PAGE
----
Wednesday, February 05, 2014

Is the falling abortion rate due solely to fewer women becoming pregnant?

I’m somewhat skeptical of the Guttmacher Institute’s latest estimates for annual abortion numbers because of the large number of abortion providers which didn’t respond to them.  Regardless, some abortion advocates have attempted to argue that a decline in pregnancies is close to the only cause of the decline in abortion rate.

For example, Libby Anne argues: 
It’s particularly interesting to note that the abortion rate fell during this period, even as the birth rate fell. In other words, the falling abortion rate wasn’t the result of more women choosing parenthood and the falling birth rate isn’t a result of more women having abortions. Instead, both are the result of a third external factor—fewer pregnancies.

The problem is she does no number crunching.  The birth rate is falling alongside the abortion rate.  Okay.  But are they falling in tandem?  

According to the Guttmacher Institute, abortion rates fell 13% from 2008 (1.21 million and a rate of 19.4) to 2011 (1.06 million and a rate of 16.9) with there being 150,000 fewer abortions a year.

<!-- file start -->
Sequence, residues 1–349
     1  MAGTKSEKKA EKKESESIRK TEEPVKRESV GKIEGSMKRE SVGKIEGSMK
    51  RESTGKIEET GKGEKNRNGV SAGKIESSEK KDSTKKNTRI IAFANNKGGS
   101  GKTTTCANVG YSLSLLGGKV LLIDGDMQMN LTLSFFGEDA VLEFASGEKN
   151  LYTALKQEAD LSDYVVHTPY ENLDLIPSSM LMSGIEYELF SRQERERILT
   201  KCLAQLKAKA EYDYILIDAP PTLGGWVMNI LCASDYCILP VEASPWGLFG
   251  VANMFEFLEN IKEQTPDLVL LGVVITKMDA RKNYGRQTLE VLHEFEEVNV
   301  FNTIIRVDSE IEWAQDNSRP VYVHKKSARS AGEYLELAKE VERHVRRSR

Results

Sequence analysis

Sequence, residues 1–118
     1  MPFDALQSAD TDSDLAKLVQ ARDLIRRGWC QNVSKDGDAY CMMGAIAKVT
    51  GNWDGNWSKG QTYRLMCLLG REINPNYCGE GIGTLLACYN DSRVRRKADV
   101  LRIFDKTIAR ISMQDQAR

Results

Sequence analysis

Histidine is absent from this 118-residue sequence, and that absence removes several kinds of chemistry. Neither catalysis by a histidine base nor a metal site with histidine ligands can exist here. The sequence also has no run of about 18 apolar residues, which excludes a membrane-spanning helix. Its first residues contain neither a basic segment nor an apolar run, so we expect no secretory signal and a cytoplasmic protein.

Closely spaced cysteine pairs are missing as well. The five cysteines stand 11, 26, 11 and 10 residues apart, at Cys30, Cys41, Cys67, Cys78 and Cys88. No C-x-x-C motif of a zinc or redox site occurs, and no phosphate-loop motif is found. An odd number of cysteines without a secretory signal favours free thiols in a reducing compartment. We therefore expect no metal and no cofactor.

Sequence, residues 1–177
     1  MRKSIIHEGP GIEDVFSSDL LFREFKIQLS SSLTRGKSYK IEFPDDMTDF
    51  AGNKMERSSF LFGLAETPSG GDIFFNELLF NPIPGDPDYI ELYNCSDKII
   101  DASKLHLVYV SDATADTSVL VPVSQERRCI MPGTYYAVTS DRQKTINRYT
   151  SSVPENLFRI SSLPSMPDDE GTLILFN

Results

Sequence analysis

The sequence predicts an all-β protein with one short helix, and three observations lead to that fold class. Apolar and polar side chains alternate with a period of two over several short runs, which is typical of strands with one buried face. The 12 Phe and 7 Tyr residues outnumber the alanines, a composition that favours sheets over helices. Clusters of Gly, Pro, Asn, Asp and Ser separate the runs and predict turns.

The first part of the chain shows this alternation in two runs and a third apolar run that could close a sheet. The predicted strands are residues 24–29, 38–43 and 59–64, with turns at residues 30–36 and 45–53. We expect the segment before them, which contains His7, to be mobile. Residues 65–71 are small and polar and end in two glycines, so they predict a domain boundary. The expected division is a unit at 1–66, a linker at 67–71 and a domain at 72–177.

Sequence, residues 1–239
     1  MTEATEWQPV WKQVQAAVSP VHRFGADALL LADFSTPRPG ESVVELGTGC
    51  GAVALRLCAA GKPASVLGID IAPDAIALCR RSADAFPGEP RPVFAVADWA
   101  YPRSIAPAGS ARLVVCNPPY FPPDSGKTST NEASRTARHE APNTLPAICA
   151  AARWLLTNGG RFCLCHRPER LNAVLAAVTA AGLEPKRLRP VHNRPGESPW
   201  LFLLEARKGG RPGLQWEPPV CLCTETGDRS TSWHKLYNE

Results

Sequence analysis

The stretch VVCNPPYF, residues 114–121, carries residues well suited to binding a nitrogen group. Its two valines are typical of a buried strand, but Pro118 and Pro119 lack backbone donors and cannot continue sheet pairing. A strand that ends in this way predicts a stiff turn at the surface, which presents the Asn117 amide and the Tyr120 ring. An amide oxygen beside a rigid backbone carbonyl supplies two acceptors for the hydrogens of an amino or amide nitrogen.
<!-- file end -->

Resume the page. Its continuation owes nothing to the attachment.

According to the CDC, fertility rates (which are based number of births by 1,000 women aged 15-44) fell 7.2% from 68.1 in 2008 to 63.2 in 2011.  There were 294,104 fewer births in 2011 (3,953,590) than in 2008 (4,247,694).

That would mean there were approximately 450,000 fewer pregnancies which were ended either by birth or abortion in 2011 than in 2008. 

In 2008, the abortion ratio (abortions per 1000 births in the same age group) was 285.  In 2011, it’s 268.   That’s a 6% decline. 

Now maybe that decline is solely caused by a subset of women who would have had abortions if they became pregnant doing things to prevent pregnancy.  But then that argument has to be made.

The problem with making it is the abortion ratio for the non-existent pregnancies in 2011 vs. 2008 (150K abortions/294,104 births) is 510.  That’s a higher number than the CDC has for the 2010 abortion ratio of sub-groups of women who have very high abortion ratios.  For example, according to the CDC, the abortion ratio of 16-year-olds in 2010 was 394.

The CDC’s abortion ratio only goes above 510 for 15-year-olds (541) and girls younger than 15 (837). 

So while it’s true that a good percentage of the abortion decrease is based on fewer pregnancies (based on abortion ratio numbers, I would estimate at least half), that’s not the whole story for the abortion decrease.

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